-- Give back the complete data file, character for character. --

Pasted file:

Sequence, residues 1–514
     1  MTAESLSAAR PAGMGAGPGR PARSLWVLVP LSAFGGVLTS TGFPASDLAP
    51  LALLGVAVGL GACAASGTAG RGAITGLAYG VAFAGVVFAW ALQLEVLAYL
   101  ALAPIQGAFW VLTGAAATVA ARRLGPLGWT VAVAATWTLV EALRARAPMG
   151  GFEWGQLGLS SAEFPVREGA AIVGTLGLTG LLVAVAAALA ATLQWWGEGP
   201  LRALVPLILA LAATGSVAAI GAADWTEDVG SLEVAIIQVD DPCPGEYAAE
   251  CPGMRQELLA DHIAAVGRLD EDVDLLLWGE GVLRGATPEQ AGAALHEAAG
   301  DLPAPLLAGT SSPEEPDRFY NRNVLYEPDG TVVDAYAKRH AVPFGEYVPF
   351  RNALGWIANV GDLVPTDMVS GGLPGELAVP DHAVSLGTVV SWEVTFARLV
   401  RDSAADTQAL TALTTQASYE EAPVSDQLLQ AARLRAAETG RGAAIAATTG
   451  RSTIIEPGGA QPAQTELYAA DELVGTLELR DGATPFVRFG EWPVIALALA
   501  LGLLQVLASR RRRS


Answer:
Sequence, residues 1–514
     1  MTAESLSAAR PAGMGAGPGR PARSLWVLVP LSAFGGVLTS TGFPASDLAP
    51  LALLGVAVGL GACAASGTAG RGAITGLAYG VAFAGVVFAW ALQLEVLAYL
   101  ALAPIQGAFW VLTGAAATVA ARRLGPLGWT VAVAATWTLV EALRARAPMG
   151  GFEWGQLGLS SAEFPVREGA AIVGTLGLTG LLVAVAAALA ATLQWWGEGP
   201  LRALVPLILA LAATGSVAAI GAADWTEDVG SLEVAIIQVD DPCPGEYAAE
   251  CPGMRQELLA DHIAAVGRLD EDVDLLLWGE GVLRGATPEQ AGAALHEAAG
   301  DLPAPLLAGT SSPEEPDRFY NRNVLYEPDG TVVDAYAKRH AVPFGEYVPF
   351  RNALGWIANV GDLVPTDMVS GGLPGELAVP DHAVSLGTVV SWEVTFARLV
   401  RDSAADTQAL TALTTQASYE EAPVSDQLLQ AARLRAAETG RGAAIAATTG
   451  RSTIIEPGGA QPAQTELYAA DELVGTLELR DGATPFVRFG EWPVIALALA
   501  LGLLQVLASR RRRS